Such scenes were historic television. Indeed, real-time broadcasts from the front were new. But it was hardly historic journalism. It was, in fact, mostly state propaganda filtered through a friendly media that rarely could think outside the framework offered by the US civilian and military authorities.
One function of journalism is to give citizens access to the widest possible range of opinion in the society, so that people can test their own views and come to informed political judgments. In the months leading up to the war, the US media failed miserably at this task.
On television, current military officers were typically “balanced” with retired military officers, while current Republican State Department officials squared off against former Democratic State Department officials – all of whom shared the same fundamental assumptions.
Virtually no guests were allowed who challenged the basic framework of the Bush administration. A study by Fairness and Accuracy in Reporting noted that 76% of the guests on network talk shows in late January and early February 2003 were current or former officials, and that anti-war sources accounted for less than one per cent.
Fred Hiatt, editor of the Washington Post’s editorial page, defended this narrow range of opinion, saying: “Through much of the fall [of 2002], the debate wasn’t really ‘anti-war’ versus ‘pro-war’, as the lopsided congressional vote back then suggests; it was what is the right way to approach this problem. I think we offered as wide a range of opinion on that question as any newspaper.”
That comment is typical of the narrowness of the US commercial media. There was, of course, a debate raging all over the world. There also was a vibrant anti-war movement in the US that was tapping into domestic anger at, and fear of, administration policies.
Hiatt’s citing of the congressional debate indicates just how limited is his vision; if Democrats and Republicans in Congress agree that war is inevitable, then why would there be any reason to consider other opinions?
Hundreds of thousands of people in the US, and as many as 10 million worldwide, took to the streets on 15 February 2003, to express those opinions. Not only were those people mostly ignored in news stories, but their critique was largely shut out of the mainstream media’s channels.
The paradox of US journalism is that a press which operates free of direct governmental control produces news that routinely reproduces the conventional wisdom of a narrow power elite. Coverage of the Iraq war highlights two of the key reasons.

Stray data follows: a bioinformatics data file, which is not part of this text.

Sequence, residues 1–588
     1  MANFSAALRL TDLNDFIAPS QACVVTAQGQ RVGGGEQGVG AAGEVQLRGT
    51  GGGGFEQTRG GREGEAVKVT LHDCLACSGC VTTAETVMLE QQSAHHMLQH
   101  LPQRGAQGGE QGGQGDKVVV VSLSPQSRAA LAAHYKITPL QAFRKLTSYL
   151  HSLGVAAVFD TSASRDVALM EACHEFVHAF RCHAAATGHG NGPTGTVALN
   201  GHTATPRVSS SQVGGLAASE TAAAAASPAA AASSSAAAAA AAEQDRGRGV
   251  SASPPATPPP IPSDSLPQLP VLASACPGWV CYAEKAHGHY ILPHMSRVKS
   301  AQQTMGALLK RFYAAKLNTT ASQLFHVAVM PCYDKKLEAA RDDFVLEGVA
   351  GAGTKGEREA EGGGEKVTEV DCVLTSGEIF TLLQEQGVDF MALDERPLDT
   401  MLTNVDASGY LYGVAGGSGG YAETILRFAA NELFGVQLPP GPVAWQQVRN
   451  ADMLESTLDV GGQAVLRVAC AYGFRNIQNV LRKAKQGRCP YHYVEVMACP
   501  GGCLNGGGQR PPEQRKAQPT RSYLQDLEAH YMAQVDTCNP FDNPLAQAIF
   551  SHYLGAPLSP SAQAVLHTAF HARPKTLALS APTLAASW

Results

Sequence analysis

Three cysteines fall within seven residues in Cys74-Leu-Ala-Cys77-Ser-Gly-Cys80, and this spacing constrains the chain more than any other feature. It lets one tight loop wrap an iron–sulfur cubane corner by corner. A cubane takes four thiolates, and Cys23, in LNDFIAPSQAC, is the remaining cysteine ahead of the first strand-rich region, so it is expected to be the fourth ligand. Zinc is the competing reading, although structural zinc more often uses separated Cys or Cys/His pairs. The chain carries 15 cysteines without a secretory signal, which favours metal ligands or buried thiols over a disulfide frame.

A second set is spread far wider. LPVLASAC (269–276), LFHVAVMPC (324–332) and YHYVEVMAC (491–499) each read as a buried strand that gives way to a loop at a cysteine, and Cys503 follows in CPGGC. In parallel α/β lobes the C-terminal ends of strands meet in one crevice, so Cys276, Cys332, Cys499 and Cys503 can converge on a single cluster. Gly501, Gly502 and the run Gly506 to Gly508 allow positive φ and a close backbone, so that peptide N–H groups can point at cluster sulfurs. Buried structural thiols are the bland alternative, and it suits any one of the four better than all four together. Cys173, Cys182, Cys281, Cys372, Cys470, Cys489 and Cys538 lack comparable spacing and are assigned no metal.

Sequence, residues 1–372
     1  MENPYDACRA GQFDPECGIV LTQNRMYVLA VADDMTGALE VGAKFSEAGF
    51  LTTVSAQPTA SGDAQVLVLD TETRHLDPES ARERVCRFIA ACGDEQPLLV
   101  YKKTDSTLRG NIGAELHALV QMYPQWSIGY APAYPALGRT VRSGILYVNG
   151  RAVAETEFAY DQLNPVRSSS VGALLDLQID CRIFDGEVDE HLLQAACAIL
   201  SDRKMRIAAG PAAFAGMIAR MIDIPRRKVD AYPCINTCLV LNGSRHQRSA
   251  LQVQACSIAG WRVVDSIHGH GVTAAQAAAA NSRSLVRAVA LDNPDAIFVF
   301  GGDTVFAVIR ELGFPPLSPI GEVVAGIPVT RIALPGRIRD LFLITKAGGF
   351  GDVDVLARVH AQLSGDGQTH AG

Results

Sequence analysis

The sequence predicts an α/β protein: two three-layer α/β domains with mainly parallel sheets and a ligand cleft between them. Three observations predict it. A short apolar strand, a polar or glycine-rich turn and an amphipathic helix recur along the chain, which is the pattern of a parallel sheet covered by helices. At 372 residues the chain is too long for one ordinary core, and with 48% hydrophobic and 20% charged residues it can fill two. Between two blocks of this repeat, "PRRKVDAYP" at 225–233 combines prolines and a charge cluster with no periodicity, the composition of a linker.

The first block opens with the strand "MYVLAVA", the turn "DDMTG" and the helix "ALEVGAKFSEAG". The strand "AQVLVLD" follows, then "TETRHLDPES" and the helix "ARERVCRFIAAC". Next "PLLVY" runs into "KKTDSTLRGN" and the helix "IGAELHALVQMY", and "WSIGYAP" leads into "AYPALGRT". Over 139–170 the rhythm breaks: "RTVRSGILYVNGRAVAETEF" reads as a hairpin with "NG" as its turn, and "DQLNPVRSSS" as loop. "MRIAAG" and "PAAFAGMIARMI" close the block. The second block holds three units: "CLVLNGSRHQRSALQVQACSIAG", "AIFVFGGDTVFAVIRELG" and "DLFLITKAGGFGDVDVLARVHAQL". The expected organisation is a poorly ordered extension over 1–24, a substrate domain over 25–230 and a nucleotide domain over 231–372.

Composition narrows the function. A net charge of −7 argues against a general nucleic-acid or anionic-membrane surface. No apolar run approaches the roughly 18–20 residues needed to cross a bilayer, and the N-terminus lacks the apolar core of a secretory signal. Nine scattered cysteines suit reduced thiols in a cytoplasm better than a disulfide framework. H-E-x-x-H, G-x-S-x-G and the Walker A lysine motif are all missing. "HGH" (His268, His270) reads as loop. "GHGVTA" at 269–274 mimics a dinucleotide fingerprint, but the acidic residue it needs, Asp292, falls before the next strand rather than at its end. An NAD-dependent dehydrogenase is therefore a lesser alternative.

First, the majority of US journalists are unable to transcend the limiting effects of the ideology of American exceptionalism – the notion that the United States is the ultimate embodiment of democracy and goes forward in the world as a benevolent champion of freedom, not as another great power looking to expand its influence around the world.
Uncritical acceptance of this ideology permeates mainstream US coverage; even ‘critical’ reporting usually tends to take it as a given.
Second, journalists are trapped by the routines of “objective journalism”, the most central of which is the slavish reliance on “official sources”.
This gives powerful people in the government and corporate worlds (and the intellectuals in the think tanks and universities who mostly serve those powers) the ability not just to comment on the news but to define what is considered news and to frame it.
The consequences of these two forces on news coverage of US foreign policy, military affairs, and wars are predictable: The free press becomes little more than a conduit for state propaganda, unable to act in truly independent fashion.
Rather than simply replicate the Bush administration’s framework about the war that both Republicans and most “respectable” Democrats accept, journalists – if they were performing their function in a democracy as a critical, independent source of news and analysis – would have at least considered an alternative explanation:
To deepen and extend US control over – not direct ownership of, but effective control over – the crucial energy resources of the Middle East, the Bush administration shortly after taking office settled on regime change in Iraq.
The events of 9/11 made pursuing such a war easier, but a rationale was still needed to invade Iraq and establish a client state. Alleged WMD threats became the centrepiece of the argument, as administration officials dealt in distortions, half-truths and out-and-out lies to scare the public.
After the war, the focus on intelligence failures diverted from key questions: Should the US be able to prosecute a war of conquest in violation of international law; run an occupation authority that ignores its legal and moral responsibilities to rebuild the country it destroyed in two wars and through a dozen years of economic sanctions; and manipulate the political process to ensure that a future Iraqi government will subordinate itself to the US?
That is a more accurate and compelling way to understand the war. Unfortunately, most US journalists continue to read from the Bush administration’s script.